Deforestation occurs when human activities result in the permanent removal of natural vegetation and diverse flora for animal grazing, construction, manufacturing, using wood for fuel, and agricultural expansion. In North America, half of the forest of the Eastern Coast was razed between the 1600s and 1870s.
Mass deforestation has reduced Western Europe’s forests from 80% to 34% since 2,000. China only has 20% of the forest it had 4,000 years ago. Farmland worldwide was forested lands. In many regions, human activity is deforesting at an alarming rate to clear land and decrease forest areas.
Deforestation destroys the forest by displacing plants, animal species, insect species, and bird species. Trees are essential to the environment because they absorb water and prevent flooding. They also absorb carbon dioxide (CO2). People need forests because they live in them and make their livelihoods working in them.
Why Deforestation is Bad
Forests are the habitats of half of the earth’s plant and animal species, including insects, fungi, tigers, elephants, fungi, insects, tigers, elephants, and three-quarters of all birds.
Forests act to maintain soil quality and water quality, rainfall patterns, and flood prevention. Millions of humans live in the forest or work there. Trees absorb and store CO2, and when they can’t, greenhouse gas emissions escape into the air.
One of the negative effects of deforestation is that 10% of global warming from greenhouse gases is caused by forest loss and damage, making forest conservation essential to fight the climate crisis.
Types of Deforestation
Forest degradation is when some of the trees are removed, but deforestation occurs when a forest is completely cleared. Tropical deforestation is even more common than deforestation of other forested land. Tropical forests are cut down to grow food for pigs and poultry.
The most deforestation is happening in tropical rainforests due to road construction and agriculture in undeveloped areas. A practice called slash-and-burn enables farmers to destroy large regions of trees, and the ash fertilizes the crops.
Unfortunately, the land only remains fertile for a few years, and then more forest is destroyed. People also deforest for palm oil, cattle ranching, logging operations, and rubber tree plantation.
Researchers had hoped that people moving to urban areas would decrease deforestation, but instead, people still wanted meat, wood, etc., when they moved away. Deforestation rates due to urban growth are astounding.
Since 1970, cattle ranching has driven the vast majority of Amazon deforestation.
Three tragic examples of global deforestation are the Brazilian Amazon rainforest, Africa, Indonesia, and Borneo, destroying the forest ecosystems. Indonesia lost about 9 million hectares of its forests when palm oil plantations expanded.
When people and certain animals live together, zoonotic diseases can spread from them to us. One example of deforestation affecting the health of communities is when the Ebola virus killed over 11,000 people in West Africa after a toddler playing near a tree caught it from fruit bats.
Several types of activities contribute to deforestation ranging from overpopulation to factory farming and more.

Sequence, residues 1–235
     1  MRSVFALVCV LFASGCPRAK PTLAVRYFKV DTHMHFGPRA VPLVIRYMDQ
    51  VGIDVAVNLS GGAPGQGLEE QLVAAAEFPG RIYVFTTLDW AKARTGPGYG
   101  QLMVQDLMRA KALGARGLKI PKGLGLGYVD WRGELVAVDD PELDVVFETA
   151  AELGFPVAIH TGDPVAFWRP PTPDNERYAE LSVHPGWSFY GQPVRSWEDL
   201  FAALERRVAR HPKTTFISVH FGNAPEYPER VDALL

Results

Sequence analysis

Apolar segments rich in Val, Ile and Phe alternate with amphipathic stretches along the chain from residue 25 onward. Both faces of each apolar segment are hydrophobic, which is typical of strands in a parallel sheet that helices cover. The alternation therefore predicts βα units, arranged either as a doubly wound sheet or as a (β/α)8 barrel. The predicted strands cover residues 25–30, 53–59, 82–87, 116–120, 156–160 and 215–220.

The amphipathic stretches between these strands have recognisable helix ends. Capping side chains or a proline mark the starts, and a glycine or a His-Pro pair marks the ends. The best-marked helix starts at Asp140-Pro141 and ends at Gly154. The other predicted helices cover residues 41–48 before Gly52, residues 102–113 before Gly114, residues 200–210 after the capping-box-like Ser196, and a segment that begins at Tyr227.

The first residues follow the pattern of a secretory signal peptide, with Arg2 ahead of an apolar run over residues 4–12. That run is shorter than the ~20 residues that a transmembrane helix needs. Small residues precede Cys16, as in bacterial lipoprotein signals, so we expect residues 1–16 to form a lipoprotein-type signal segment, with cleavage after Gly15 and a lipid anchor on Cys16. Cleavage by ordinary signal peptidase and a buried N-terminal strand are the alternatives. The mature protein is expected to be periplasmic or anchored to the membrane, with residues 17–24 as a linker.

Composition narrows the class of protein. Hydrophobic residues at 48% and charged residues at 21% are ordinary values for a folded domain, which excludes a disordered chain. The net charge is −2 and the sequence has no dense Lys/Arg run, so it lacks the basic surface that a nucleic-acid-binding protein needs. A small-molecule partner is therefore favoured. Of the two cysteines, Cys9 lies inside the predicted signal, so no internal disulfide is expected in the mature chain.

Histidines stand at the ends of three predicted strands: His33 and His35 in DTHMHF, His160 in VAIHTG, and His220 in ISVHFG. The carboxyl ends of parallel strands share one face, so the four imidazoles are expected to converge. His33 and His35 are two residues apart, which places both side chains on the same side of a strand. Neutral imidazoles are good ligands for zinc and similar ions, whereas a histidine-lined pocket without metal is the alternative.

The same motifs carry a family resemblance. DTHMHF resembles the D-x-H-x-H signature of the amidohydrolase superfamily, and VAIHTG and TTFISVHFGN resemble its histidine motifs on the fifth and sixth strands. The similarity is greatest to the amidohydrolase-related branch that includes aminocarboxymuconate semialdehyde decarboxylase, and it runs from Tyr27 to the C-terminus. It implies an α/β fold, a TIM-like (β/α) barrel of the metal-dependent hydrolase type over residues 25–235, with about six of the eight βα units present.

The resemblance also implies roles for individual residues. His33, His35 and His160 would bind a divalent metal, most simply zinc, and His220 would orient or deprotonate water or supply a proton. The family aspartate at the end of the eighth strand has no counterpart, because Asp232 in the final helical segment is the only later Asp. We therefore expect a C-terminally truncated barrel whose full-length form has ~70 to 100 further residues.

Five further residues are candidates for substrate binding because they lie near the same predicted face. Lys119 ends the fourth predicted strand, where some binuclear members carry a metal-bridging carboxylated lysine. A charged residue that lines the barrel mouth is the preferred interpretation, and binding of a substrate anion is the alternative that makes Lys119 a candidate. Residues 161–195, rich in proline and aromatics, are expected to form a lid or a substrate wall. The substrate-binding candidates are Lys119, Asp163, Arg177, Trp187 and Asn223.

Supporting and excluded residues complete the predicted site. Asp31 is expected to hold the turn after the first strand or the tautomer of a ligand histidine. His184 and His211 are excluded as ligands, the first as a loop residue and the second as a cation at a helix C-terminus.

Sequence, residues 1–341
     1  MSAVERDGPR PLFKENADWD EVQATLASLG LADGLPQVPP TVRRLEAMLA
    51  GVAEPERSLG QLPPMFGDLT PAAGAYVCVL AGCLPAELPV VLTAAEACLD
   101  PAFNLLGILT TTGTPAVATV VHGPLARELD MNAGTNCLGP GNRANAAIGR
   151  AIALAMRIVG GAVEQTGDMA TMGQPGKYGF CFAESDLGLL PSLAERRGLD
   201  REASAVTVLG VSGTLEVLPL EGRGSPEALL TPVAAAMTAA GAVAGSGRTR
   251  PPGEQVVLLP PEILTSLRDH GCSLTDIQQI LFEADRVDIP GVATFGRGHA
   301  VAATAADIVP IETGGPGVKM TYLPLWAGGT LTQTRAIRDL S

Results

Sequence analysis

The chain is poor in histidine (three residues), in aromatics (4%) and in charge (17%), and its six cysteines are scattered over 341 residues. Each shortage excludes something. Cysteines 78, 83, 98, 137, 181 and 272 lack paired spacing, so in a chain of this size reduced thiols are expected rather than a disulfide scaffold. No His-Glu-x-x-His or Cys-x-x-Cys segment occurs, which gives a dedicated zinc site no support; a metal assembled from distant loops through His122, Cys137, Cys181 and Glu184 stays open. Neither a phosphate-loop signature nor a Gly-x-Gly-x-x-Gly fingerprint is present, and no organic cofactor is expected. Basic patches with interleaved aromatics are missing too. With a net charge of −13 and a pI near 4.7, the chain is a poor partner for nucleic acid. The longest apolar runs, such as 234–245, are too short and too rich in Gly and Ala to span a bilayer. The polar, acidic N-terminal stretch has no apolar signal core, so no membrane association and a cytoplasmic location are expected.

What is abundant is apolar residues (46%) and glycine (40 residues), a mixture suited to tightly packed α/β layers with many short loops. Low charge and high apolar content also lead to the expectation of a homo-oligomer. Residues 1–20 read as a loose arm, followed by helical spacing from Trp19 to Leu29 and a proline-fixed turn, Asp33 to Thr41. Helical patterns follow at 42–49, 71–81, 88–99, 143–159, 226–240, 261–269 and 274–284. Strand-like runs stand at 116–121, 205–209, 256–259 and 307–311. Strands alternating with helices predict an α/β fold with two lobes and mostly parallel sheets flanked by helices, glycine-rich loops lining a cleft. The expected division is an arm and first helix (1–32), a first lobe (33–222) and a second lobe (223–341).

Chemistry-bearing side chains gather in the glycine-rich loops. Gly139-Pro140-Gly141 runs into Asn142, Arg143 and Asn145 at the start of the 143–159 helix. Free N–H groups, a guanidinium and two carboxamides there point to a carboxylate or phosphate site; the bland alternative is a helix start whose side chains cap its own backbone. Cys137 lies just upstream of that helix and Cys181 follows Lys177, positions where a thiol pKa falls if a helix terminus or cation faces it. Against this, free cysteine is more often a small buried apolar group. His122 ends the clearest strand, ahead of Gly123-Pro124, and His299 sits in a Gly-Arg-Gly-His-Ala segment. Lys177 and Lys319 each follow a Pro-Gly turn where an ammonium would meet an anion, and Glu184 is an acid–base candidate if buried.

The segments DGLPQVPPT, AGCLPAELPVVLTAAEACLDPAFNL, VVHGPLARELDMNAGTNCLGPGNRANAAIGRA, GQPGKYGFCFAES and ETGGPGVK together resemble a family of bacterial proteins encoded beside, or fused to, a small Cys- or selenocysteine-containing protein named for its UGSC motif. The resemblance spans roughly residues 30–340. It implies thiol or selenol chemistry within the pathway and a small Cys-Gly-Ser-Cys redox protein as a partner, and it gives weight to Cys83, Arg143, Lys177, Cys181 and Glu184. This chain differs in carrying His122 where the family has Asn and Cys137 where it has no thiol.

When populations increase, the forest is destroyed to clear trees and create more agricultural land and roads, and resources in general.
A growing population in cities leads to people utilizing forests to produce more animal and processed food products, causing more clearing.
Factory Farming/Industrial Agriculture
Factory farming, the mass production of animals, is responsible for widespread deforestation. About 260 million acres of forested land in the US have been cleared for crops, and over 67 percent of these crops — mostly grains, soy, and corn — are for livestock consumption.
Farmed animals are fed soybeans, which is inexpensive livestock feed to produce cheap meat.
Meat and dairy products use up so much land but only amount to 36 percent of the calorie content of our food supply.
In Brazil’s Rainforest, 75 percent of deforestation in the Amazon is caused by ranchers burning trees for pastures for beef and leather. Between 2000 and 2014, deforestation in the Congo Basin, the world’s second-largest rainforest, destroyed 57,321 square miles. Animal agriculture is inefficient because of the amount of drinking water and food the animals need.
Greenpeace reports that unlawful logging is devastating the world’s forests, causing deforestation, loss of biodiversity, and contributing to climate change. Indigenous people who live near the forests suffer the most.
In Australia, unlawful logging results in human rights abuses of indigenous peoples and indigenous communities, endangering their health and destroying their dense forests. The most immediate impacts of deforestation include the displacement of indigenous communities that depend on the forest. Governments need to designate more forested areas as protected areas.
Deforested areas from farmland expansion are responsible for 90 percent of deforestationaround the world and include cattle grazing (animal grazing accounts for 40 percent of deforestation) and feeding humans.
Mining has a devastating effect on global deforestation due to the number of trees removed to create “workers’ settlements, access roads, and excavation pits.” Mineral extraction has doubled since 2000.